" A wealth of information..."

"1169 And Counting is a wealth of information on our Republican past and present , and demonstrates how the Irish political landscape , like that of any nation, will never be a black and white issue..."

(From the ‘e-Thursday’ section of the ‘Business Week’ supplement of the ‘Irish Independent’ , 21st August 2008.)

IRISH BLOG AWARDS 2017 - ooops! It seems that our entry application was "not completed in time to be considered.." (?) and, as such, we are not now in the running. But we wish all the best to the successful entrants and to the organisers, and we hope all goes well for them on the day!

Wednesday, July 18, 2007


From 'The United Irishman' newspaper, January 1958 .


Michael Traynor , 38 South King Street .
Gearóid Ó Broin , 27 Church Avenue , South Circular Road , Rialto .
George Dearle , 82 Lower Drumcondra Road .
Robert Russell , 67 North Strand .
Eddie Gargan , 11 Auburn Street , Broadstone .
Tomás Ó Dubhghaill , 36 Comeragh Road , Drimnagh .
Anthony Magan , 45 Dodder Road , Rathfarnham.
Andy Nathan , 398 Nutgrove Avenue , Churchtown.
Brendan Sealy , 21 Weston Road , Churchtown.
Ruaídhrí Mac Daibhéid , 100 Griffith Avenue , Marino .
Patrick Cosgrove , 21 Dufferin Avenue , South Circular Road .
Michael O' Brien , 32 Hazel Road , Donnycarney .

In a jail outside Belfast , republican prisoners have begun smearing their cells with excrement . They are demanding the right to political status . We have been here before.....
From 'MAGILL' magazine August 2003 .
By Niall Stanage.

In the present circumstances , one can entirely disagree with the actions , and the political analysis , of 'dissident republicans' yet still understand why it is crazy to imagine that they will accept being treated only as criminals , or that they and their loyalist counterparts will mix without difficulty .

Here is where pragmatism also enters the equation . The British government has spent millions of pounds erecting ugly 'peace walls' to try to keep the north's warring factions apart . How , then , does it make sense to keep each community's most recalcitrant members cheek-by-jowl in a prison ? To insist on such a system is a receipe for disaster .

History is supposed to teach us lessons . We are not supposed to be doomed to repeat the mistakes of the past. Someone should remind the north's prison authorities of that fact . If they display the same arrogant ineptitude as their predecessors , the grimness of twenty years ago could envelop the jails - and the landscape beyond - once again .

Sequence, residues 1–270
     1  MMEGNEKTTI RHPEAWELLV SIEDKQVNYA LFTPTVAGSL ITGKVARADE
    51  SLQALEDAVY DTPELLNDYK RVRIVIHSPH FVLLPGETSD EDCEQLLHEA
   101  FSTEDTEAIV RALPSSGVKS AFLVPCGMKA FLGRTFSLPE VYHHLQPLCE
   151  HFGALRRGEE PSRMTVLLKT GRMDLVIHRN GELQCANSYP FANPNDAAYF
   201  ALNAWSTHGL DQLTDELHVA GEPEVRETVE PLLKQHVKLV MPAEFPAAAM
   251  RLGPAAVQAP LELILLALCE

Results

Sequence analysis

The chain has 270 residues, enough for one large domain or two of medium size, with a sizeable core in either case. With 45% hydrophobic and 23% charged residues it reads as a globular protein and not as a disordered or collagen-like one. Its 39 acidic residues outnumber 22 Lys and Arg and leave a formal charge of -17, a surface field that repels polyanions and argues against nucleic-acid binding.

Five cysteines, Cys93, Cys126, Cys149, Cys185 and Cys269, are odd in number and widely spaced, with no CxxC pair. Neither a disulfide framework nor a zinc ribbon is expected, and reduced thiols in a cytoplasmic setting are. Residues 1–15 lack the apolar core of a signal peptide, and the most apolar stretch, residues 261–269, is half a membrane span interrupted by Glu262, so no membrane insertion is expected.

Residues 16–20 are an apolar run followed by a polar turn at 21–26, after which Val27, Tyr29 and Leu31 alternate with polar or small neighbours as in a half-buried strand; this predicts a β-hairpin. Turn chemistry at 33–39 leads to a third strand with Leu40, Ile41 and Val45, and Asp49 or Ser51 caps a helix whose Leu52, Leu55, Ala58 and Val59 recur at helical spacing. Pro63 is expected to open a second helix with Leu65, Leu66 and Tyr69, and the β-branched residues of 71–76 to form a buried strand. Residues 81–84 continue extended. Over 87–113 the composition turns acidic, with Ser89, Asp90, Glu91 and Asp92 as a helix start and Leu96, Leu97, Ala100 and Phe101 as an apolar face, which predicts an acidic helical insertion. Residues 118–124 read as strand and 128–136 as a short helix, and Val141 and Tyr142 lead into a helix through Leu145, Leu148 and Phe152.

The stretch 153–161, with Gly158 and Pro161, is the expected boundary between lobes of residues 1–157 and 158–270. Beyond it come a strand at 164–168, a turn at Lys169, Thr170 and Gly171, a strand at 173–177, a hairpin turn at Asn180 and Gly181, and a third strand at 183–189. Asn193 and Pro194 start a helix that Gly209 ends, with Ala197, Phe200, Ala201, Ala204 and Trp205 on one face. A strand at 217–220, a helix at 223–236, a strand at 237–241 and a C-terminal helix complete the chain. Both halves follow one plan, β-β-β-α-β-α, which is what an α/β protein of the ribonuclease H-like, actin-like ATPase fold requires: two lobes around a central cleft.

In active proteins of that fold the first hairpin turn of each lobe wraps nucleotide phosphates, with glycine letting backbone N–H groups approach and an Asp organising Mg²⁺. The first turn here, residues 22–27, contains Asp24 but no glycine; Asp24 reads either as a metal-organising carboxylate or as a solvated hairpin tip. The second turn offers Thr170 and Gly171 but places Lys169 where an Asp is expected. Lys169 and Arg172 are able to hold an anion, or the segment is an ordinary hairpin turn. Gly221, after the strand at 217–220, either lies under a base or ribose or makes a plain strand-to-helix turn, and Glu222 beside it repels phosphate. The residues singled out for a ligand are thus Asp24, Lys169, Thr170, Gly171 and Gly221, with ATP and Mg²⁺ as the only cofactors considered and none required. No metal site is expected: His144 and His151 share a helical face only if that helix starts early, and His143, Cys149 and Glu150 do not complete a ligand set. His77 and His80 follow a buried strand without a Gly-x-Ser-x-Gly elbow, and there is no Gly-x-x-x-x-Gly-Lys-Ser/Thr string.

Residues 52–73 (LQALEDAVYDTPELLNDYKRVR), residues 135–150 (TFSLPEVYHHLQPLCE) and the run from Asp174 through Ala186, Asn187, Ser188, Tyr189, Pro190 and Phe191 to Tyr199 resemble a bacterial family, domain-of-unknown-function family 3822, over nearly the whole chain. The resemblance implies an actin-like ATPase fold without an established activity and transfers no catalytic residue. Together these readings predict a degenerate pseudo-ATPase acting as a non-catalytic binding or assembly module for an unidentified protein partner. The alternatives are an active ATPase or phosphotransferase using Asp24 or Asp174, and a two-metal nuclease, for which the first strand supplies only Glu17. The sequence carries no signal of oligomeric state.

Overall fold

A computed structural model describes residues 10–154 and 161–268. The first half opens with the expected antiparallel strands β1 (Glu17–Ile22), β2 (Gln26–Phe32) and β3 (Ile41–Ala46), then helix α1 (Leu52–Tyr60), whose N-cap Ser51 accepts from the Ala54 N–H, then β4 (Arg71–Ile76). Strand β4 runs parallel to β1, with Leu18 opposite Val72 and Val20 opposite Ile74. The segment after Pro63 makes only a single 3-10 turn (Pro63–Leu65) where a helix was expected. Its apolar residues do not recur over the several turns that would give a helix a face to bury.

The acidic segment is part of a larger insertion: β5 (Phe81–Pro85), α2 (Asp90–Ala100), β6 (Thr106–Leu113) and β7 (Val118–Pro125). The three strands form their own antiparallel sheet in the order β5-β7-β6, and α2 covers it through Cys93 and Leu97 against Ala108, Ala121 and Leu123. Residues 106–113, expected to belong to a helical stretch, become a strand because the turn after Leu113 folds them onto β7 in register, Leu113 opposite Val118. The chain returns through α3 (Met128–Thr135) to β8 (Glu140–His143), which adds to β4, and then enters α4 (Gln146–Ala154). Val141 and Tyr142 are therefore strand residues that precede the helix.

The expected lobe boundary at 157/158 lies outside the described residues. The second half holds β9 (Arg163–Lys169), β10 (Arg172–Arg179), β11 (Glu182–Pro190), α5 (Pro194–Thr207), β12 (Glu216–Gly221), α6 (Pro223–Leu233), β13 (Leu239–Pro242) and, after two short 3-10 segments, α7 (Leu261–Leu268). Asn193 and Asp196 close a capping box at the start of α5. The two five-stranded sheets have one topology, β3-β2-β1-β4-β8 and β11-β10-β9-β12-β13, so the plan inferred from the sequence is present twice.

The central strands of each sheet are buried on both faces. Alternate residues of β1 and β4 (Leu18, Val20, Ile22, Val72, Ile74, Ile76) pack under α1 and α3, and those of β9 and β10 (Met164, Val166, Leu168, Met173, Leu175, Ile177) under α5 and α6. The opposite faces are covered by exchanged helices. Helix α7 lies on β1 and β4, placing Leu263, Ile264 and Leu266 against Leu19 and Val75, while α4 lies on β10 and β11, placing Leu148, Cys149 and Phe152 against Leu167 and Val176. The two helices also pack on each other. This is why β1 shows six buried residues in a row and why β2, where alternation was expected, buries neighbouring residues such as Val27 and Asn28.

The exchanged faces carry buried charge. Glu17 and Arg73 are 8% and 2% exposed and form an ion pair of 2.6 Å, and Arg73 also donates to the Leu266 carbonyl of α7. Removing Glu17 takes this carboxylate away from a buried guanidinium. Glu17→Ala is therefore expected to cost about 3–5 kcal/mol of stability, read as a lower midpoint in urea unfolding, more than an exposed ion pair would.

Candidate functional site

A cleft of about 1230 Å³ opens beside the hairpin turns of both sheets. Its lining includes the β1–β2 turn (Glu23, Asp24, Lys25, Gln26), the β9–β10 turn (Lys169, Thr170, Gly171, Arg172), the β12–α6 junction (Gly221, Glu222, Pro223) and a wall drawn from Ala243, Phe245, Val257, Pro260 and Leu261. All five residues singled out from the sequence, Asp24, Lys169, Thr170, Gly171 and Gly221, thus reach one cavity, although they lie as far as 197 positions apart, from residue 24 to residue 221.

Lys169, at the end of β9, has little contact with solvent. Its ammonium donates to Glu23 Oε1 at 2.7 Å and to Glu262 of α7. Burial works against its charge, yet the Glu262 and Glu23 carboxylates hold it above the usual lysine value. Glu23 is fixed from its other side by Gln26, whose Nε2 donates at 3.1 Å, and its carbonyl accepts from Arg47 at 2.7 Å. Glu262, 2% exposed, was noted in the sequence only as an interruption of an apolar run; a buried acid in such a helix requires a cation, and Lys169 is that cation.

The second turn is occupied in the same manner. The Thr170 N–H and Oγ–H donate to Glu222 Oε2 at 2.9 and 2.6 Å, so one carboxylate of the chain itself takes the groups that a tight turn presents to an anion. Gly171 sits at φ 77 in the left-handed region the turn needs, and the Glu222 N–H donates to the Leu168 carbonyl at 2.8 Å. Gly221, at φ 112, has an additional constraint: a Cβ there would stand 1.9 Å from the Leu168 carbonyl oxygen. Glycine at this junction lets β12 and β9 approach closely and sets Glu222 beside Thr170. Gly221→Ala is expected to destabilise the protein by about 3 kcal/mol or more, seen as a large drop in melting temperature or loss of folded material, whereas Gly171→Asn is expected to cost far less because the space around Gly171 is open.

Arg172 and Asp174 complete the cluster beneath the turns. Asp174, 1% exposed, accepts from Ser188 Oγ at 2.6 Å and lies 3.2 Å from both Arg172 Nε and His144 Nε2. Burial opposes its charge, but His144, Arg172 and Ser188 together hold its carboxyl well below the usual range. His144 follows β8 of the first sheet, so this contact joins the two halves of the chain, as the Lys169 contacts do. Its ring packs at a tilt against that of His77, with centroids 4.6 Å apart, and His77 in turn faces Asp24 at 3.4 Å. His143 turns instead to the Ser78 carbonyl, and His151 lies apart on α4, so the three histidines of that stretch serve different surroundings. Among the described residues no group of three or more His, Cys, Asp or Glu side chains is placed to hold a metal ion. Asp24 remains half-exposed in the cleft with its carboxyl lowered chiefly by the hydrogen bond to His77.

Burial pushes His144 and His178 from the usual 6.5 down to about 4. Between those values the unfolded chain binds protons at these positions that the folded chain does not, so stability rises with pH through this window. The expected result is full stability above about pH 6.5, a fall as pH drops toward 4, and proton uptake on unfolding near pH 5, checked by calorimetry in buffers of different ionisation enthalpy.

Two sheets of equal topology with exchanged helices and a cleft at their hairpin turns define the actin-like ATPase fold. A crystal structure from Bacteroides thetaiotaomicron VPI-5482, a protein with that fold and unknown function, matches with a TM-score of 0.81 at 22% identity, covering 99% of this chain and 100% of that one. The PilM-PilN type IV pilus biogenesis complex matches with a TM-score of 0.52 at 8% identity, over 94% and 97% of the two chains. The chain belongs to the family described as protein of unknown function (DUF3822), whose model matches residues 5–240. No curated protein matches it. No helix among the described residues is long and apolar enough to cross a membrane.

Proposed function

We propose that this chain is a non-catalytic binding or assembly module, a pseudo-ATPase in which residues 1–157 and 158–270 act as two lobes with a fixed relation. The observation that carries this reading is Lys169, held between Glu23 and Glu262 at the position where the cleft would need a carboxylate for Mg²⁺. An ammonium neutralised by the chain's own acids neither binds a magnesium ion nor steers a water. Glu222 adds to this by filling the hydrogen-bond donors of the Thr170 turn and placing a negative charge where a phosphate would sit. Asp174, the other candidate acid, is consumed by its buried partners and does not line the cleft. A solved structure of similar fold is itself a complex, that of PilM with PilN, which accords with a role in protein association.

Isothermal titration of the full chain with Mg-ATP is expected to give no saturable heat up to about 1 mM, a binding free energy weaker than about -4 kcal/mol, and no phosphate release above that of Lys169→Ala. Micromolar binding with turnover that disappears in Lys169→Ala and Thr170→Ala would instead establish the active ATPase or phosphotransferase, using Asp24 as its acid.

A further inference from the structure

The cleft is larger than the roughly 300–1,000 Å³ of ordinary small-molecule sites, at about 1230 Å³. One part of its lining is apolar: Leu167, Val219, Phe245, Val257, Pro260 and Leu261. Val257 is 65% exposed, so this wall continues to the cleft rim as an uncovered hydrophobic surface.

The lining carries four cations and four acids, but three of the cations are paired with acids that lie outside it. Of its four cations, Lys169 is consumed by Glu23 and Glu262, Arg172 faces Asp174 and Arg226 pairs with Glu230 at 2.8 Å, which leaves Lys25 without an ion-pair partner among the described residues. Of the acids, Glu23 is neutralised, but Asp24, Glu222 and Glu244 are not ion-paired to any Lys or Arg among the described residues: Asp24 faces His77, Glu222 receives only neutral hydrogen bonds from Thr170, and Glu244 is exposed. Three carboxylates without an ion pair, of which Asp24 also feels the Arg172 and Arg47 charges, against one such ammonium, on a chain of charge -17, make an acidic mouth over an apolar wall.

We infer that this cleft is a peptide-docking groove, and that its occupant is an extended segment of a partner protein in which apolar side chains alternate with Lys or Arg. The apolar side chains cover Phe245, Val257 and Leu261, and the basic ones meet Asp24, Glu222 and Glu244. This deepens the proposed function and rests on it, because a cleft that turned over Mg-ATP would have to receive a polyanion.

(Next : 'Public Inquiry Into Our Greatest Scandal' - from 1998.)


Provisional Sinn Fein are fighting this election as a party which has just emerged from seventy years of abstentionism. The party is banned from the airwaves and there is a strong apparent bias against the party in the press.
From 'In Dublin' magazine Election Special, 1987.
By Derek Dunne.

On another doorstep , one woman complains that they are unable to get an Irish school going because of local objections . Gerry Adams suggests that , since it is a local issue , locals must sort it out between themselves . Throughout the day , four State air-force planes have been flying over the area and the noise is deafening . There have been complaints about the noise but seemingly to no avail . People wonder why the planes do not fly over less densely-populated areas , but nobody knows the answer .

In contrast with other political parties who bring journalists to bars and hotels for food and drink , Provisional Sinn Fein hospitality involves invading the house of a supporter for coffee . As it grows dark , many people have still not returned home . Most of those canvassed expressed either support or total apathy , but the PIRA was never mentioned . It is clear that the PIRA campaign is not an issue with most working class people , and there was no hostility towards Adams because of it . Generally , people were of the opinion that the country was in a dreadful mess and that they were tired of it all .

One woman wants to know if Provisional Sinn Fein will change all of that . " You have to change it..." , answers Adams . One of the biggest problems facing the party may be getting their voters out on the day . That particular canvass lasted only a couple of hours and the plan was to continue it the following day - a Saturday . And on that Saturday , it was known that Charlie Haughey would be in Crumlin Shopping Centre in Dublin and it was agreed that it would be a good opportunity to canvass his vote . And sure enough , when Adams and his team arrived at the shopping centre , there was Haughey , surrounded on all sides by handlers , gardai and journalists.......